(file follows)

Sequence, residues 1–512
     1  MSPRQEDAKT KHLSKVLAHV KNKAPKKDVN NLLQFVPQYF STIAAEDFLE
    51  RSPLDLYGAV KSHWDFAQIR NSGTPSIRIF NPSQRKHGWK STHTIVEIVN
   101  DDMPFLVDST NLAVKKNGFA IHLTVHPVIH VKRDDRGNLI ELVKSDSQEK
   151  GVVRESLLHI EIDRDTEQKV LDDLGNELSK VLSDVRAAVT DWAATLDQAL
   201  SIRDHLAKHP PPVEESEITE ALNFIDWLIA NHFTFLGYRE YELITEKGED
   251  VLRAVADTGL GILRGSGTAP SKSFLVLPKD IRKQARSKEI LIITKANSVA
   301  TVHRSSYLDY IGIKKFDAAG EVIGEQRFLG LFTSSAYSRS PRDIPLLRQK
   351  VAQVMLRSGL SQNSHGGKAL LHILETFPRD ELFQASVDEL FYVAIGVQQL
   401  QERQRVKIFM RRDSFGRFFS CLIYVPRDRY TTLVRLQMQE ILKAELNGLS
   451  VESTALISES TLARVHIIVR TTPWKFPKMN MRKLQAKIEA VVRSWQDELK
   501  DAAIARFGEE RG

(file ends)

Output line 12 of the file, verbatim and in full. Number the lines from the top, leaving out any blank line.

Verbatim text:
   501  DAAIARFGEE RG